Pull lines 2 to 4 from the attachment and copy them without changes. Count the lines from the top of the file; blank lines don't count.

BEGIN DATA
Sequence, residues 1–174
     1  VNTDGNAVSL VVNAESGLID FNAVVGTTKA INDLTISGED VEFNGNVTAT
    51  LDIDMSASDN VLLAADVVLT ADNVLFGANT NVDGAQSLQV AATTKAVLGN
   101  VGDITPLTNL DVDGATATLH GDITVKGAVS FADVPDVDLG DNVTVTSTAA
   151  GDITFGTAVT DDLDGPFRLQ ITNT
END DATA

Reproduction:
     1  VNTDGNAVSL VVNAESGLID FNAVVGTTKA INDLTISGED VEFNGNVTAT
    51  LDIDMSASDN VLLAADVVLT ADNVLFGANT NVDGAQSLQV AATTKAVLGN
   101  VGDITPLTNL DVDGATATLH GDITVKGAVS FADVPDVDLG DNVTVTSTAA